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My zone 5 luck may have run out

Posted by aachenelf z5 Mpls, MN (My Page) on
Wed, Jan 2, 13 at 16:07

I can't remember the last time it's behaved like zone 4 around here. That's why I list my zone as 5. Sure, we have cold air every now and then - maybe teens below zero, but not often. I'm sure it's been a decade since we've had 20 below at least where I live in the city.

That may be changing.

I was reading the long-range forecast on the Minnesota Public Radio website (they have a very good reputation for accuracy) and to my dismay there's a pool of very cold air way up in Canada that may - just may - drop this way around the middle of the month. We're talking 20-30 below zero for several days.

I'm depressed.

Kevin


Follow-Up Postings:

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RE: My zone 5 luck may have run out

you of all peeps .... zone pusher that you are .... should be a little more whimsical about it all ...

after all.. every death ... loss.. is an empty space for your next whim ....

so much for planting based on global warming forecasts.. and how you were all of a sudden going to be z6 ... lol ..

chin up dude... so what.. you knew the odds when you pushed the window ...

ken

ps: i do feel for you.. but i figured you needed a good verbal slap upside the head for claiming to be depressed about it ...


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RE: My zone 5 luck may have run out

One bit of comfort is if the cold stuff does arrive, it won't stay here forever. It will migrate either south or east, so you all will get a good taste of it too! Isn't that evil of me? It does migrate doesn't it? It wouldn't just go back the way it came?

K


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RE: My zone 5 luck may have run out

Here in north central CT my zone was bumped up to 6a back in January 2012 but don't they base the zones on average highs and lows rather than extremes? It was frigid here this a.m. (10) so I'm guessing anything I decided to overwinter in quart pots is toast if we get much more of that between now & March. Most of them are tough-as-nails wintersown perennials but not all are Z5 hardy.

I'm coming to the conclusion that gardening is a crapshoot at the best of times and I'm trying to adopt the attitude "if it survived a few years, just be grateful and move on." Even my baptisia/false indigo barely grew last year ('12) after thriving for many years. What's up with that? It has a taproot and really put on a show in years past. I'll be royally PO'd if I lose my 'Helen von Stein' lambs' ears though. Do you at least have a blanket of snow to provide some insulation for iffy things? For the most part I leave whatever autumn leaves fall on the flowerbeds and clean them up in spring.

Gardeners are risk takers by nature--I think it's a fundamental part of our genetic code...along with hope.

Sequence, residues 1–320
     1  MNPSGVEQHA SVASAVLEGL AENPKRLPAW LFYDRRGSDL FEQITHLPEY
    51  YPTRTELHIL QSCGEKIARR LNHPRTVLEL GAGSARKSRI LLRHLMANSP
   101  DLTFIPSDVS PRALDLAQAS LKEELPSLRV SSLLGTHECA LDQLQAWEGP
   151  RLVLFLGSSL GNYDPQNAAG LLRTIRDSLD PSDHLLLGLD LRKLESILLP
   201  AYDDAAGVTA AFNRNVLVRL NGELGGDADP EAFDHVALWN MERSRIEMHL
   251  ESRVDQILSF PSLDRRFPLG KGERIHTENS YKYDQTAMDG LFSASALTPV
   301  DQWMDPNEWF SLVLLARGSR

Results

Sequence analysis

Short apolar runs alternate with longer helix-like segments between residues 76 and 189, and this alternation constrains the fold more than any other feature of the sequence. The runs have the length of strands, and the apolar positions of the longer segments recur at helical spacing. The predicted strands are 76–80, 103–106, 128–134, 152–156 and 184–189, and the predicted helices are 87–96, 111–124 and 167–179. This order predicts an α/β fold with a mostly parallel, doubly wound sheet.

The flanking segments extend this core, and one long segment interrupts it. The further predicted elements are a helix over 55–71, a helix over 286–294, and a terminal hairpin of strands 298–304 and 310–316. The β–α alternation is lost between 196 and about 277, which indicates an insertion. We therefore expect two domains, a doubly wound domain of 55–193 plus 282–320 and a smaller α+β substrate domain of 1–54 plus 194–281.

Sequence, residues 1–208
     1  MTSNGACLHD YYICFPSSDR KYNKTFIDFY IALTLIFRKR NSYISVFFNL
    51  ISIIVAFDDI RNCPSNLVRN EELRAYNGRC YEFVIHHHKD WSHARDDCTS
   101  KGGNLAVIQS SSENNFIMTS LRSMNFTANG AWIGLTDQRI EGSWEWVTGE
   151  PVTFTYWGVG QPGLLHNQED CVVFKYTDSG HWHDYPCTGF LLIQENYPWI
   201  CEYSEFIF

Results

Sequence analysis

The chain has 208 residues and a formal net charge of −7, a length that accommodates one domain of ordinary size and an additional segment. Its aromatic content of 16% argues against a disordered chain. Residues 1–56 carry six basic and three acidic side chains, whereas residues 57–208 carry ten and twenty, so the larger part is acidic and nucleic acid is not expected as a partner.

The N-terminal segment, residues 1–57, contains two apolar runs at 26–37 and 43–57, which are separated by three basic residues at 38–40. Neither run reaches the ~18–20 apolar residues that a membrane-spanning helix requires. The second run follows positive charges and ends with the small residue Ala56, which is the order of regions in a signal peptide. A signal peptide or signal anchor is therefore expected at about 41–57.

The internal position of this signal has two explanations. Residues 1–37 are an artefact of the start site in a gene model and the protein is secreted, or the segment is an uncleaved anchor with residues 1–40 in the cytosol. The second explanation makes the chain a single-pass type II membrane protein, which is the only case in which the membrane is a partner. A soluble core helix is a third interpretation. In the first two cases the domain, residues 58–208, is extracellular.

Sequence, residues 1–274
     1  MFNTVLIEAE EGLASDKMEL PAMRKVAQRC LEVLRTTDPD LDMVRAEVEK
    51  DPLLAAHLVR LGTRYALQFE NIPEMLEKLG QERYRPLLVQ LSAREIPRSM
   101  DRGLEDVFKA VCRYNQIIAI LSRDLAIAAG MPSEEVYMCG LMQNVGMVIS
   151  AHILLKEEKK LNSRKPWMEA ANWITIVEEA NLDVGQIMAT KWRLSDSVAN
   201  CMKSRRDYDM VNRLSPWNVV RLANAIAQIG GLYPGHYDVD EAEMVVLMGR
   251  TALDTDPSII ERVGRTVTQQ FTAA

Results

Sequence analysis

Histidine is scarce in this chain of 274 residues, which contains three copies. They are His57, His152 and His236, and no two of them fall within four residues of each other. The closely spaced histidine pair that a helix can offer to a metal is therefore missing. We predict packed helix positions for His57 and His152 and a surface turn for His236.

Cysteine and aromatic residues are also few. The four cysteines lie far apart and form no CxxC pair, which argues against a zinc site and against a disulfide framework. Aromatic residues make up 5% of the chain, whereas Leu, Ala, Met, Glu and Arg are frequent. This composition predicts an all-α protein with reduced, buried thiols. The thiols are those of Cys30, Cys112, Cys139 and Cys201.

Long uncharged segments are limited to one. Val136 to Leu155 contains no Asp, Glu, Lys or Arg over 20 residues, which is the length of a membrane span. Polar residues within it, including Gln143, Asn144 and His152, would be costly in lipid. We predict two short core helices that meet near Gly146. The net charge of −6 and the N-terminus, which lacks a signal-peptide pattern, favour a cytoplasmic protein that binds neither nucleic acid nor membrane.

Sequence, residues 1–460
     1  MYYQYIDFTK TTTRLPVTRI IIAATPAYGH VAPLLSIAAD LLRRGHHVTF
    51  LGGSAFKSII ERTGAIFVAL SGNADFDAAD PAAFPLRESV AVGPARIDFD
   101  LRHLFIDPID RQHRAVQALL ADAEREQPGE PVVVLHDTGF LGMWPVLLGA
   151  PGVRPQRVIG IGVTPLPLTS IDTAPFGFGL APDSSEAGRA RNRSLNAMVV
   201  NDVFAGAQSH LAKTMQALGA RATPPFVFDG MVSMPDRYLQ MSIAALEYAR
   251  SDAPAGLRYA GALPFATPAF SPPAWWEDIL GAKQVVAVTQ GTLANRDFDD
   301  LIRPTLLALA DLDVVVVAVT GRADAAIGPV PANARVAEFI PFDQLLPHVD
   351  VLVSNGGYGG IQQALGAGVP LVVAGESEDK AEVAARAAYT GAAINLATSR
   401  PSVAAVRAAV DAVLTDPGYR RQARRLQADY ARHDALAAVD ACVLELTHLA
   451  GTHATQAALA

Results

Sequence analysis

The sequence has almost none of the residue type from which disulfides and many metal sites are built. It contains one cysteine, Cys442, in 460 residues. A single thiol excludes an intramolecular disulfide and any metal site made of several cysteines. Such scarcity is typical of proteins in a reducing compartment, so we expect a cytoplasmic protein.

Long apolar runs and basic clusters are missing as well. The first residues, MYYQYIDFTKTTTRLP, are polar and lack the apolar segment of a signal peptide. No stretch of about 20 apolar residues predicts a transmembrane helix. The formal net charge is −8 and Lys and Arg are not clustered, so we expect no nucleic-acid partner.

Fingers crossed & good luck, Kevin

Oh, and BTW, you're welcome to keep that cold weather in MN since I'm heating with oil this winter instead of free wood.


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RE: My zone 5 luck may have run out

fer sure.. right across lake MI .. at a 45 degree angle SE right over lansing.. on the way to adrian ...

and it will kill that which suffered severely from this summers drought and intense heat ...

yippee <<<=== thats sarcasm!!!!

but i aint depressed about it ... see link

ken

Here is a link that might be useful: Whatever Will Be, Will Be


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RE: My zone 5 luck may have run out

gardenweed

But I've been very happy with zone 5 plants! Very happy! I don't want to go back to the zone 4 crap. I've been very proud of the fact I've had caryopteris since 1997 and it survives with NO winter protection AT ALL. I want everything to stay the same. (whine, whine, whine)

Not too much snow here. We had about 18 inches, but a lot of that is gone.

Would you believe I've actually been considering zone 6 stuff??

Ken

Loved it! Did you notice over 7 million views?

My current favorite below.

Here is a link that might be useful: video


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RE: My zone 5 luck may have run out

  • Posted by mxk3 z5b/6 MI (My Page) on
    Wed, Jan 2, 13 at 22:08

Now I have that stoopid song stuck in my head right before bed. AARRGHH!!


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RE: My zone 5 luck may have run out

The doggie video was so cute.


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RE: My zone 5 luck may have run out

But Kevin, don't you currently have lots of snow cover? This makes a huge difference in moderating those extreme cold temps that your plants would otherwise experience.

And one advantage of a snap or two of extreme cold is its effect on 'bad bugs' which have seemingly thrived the past few growing seasons due to our wimpy, too warm winters.


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RE: My zone 5 luck may have run out

'ken' wrote: after all.. every death ... loss.. is an empty space for your next whim ....

I agree completely! And for those of us with limited space this is often the only 'humane' way ;) allowing us to get new things into our garden.


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RE: My zone 5 luck may have run out